Author and journalist Rosie Staal explains how to crack the closely guarded secret of the Attendance Allowance – a financial benefit available to all who qualify for it regardless of finances.
More red tape?
When I was told my mother might qualify for a benefit called Attendance Allowance my immediate reaction was to be sceptical. “Are you sure?” I asked, suspecting it would be something tightly bound in red tape and subject to a means test. I was wrong. Attendance Allowance, considered a closely guarded secret by many who, like me, stumble across it by chance, is a benefit available to all who qualify, whatever their financial status.
With Mum’s diagnosis of Alzheimer’s disease at the age of 88 had come an entry into a world of the unknown, in which the main concern was how on earth we were going to cope – now and in the future. Eighteen months down the line, during which my sister and I had patched together a kind of system between us to meet Mum’s care needs, this possibility of Attendance Allowance was mentioned in passing at a memory clinic.
I decided to find out more. I spoke to a wonderful woman I’d got to know at our local Age UK office and, sure enough, Mum’s needs certainly seemed to tick all the boxes. Coincidentally, at around the same time, I was chatting with a friend whose father, partially paralysed by a stroke, was in receipt of the Attendance Allowance. She told me that, as his carer, she was very glad of the addition to his bank account.
“Dad isn’t cheap to run,” she said. “His shoes wear out so quickly where he drags his feet, and I have to buy him particular food that he can tolerate. The allowance has definitely eased the financial aspect a little.”
What is Attendance Allowance?
Attendance Allowance is paid at two rates and is intended to help with personal care of anyone aged 65 or over who is physically or mentally disabled.
The lower weekly rate of £55.65 is for someone who needs frequent help or constant supervision during the day, or supervision at night; the higher rate of £83.10 is for someone who needs help or supervision both day and night or who is terminally ill.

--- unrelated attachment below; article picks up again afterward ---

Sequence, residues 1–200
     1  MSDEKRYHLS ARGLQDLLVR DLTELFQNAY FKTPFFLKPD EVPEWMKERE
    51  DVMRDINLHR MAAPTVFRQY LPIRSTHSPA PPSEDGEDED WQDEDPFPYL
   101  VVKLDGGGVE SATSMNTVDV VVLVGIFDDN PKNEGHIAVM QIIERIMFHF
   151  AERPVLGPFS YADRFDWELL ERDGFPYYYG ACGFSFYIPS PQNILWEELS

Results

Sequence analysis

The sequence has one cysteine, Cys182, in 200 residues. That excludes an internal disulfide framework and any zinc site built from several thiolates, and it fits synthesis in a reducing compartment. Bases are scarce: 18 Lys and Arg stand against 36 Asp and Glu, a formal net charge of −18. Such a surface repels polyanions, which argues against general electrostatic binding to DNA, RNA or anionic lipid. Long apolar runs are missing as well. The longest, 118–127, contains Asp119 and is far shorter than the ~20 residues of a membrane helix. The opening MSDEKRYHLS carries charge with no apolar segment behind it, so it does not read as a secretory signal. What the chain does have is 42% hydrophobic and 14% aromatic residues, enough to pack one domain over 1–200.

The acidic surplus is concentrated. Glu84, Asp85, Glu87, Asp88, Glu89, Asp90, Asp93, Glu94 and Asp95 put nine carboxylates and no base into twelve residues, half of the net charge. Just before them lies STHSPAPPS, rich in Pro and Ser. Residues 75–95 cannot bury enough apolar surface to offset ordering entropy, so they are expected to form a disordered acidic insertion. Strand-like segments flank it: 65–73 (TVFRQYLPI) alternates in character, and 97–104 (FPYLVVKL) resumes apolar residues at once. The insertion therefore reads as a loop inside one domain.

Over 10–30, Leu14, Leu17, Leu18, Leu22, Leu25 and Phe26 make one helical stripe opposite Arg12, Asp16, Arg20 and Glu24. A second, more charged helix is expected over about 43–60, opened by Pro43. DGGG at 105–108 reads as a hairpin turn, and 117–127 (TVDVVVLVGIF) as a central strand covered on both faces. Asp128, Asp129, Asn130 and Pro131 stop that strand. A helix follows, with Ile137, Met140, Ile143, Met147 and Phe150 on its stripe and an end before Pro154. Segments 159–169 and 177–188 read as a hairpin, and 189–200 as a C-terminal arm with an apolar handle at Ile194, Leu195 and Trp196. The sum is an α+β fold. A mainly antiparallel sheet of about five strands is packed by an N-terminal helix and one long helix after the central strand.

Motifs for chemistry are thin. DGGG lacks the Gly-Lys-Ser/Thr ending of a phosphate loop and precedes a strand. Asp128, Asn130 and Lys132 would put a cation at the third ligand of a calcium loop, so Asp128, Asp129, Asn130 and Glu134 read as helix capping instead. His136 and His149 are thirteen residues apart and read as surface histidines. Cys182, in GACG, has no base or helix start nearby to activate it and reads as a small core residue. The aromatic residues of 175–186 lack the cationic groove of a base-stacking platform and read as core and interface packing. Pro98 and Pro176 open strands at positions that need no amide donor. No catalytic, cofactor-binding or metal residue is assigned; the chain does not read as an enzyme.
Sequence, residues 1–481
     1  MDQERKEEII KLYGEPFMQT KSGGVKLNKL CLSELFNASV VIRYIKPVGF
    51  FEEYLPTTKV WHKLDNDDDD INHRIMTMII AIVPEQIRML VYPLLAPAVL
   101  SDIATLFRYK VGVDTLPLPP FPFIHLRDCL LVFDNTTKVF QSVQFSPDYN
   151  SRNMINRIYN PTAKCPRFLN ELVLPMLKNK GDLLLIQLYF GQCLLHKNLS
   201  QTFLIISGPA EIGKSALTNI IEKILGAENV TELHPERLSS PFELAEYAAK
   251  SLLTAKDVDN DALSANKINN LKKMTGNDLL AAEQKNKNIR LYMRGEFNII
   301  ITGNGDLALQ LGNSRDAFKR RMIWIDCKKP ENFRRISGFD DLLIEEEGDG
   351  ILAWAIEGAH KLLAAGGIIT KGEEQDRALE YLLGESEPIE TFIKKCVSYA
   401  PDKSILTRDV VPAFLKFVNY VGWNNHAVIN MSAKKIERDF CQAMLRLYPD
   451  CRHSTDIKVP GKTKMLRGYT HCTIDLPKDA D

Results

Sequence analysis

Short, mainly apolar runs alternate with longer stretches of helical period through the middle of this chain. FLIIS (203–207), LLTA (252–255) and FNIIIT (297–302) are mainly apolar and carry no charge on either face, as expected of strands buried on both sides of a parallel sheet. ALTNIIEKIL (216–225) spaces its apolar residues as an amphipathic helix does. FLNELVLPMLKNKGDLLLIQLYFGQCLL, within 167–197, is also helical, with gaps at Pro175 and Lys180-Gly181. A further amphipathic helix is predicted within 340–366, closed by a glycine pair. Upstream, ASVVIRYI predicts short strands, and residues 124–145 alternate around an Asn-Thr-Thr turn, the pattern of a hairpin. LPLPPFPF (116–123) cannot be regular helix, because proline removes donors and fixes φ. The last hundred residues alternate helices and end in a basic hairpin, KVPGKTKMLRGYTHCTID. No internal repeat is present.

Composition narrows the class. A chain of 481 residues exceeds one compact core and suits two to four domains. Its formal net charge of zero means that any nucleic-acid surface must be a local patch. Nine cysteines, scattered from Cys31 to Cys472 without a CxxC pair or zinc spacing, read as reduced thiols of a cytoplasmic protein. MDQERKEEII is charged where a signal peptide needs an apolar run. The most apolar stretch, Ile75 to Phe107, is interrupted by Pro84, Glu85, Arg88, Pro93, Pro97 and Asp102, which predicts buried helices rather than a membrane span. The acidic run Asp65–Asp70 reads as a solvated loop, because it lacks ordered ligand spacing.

How to apply for Attendance Allowance?
I downloaded the application form – the AA1A from the Government website www.gov.uk/attendance-allowance – and devoted what seemed like the next week of my life to filling it in, pausing frequently for rounds of applause down the telephone from my sister, who had delegated the task to me.
It was a feat of endurance: there are more questions on more pages than you could possibly imagine, and each one is directed at the person requiring the care. This makes it slightly confusing so it’s necessary to remain completely focused and ensure your answers are given as though they are from the person for whom you are applying.
For example: ‘Do you have difficulty with, and/or do you need help with washing, bathing, showering or looking after your appearance?’
Left to her own devices on that question, Mum would answer with an emphatic ‘Certainly not!’ We know differently, and can be confident that without help Mum would habitually sport bedhead hair and an array of ill-matched clothing – if any clothing at all.
The form-filler, who must provide proof of bona fides, has to explain how much and how often help is needed for those and other tasks. There is also a need for a large amount of information about medical history, what medication is being taken and in what amounts, when a GP, consultant or other healthcare professional was last seen, and their contact details.
To save too much frustration and stop-start on the form-filling, it is a good plan to have all the necessary information to hand. Even so, it is not a task that can be sped through.
Should all else fail, and the form is threatening to get the better of you, there is a very helpful downloadable set of guidelines from the gov.uk website, a hotline to help from the Disability and Carers Service on 0300 123 3356, and an Attendance Allowance helpline on 0345 605 6055 that is open Monday to Friday, 8am to 6pm.
A bit of breathing space thanks to Attendance Allowance
When we received confirmation a few weeks after submitting the form that Mum qualified for Attendance Allowance it was quite a moment. This must be used to make a difference, my sister and I decided. Indeed it did. It provided the catalyst for seeking paid help, giving Mum the extra attention her condition demanded and giving my sister and me a breathing space.
We could never have imagined how that chance remark in the memory clinic would bring about such a change for the better, but since then we have both been spreading the word about Attendance Allowance.
It’s there to be applied for – and to make a difference.
We have more information about Attendance Allowance on our site here. You might also be interested in more information about funding care options here. You might also like to join our forum and ask a question about funding here.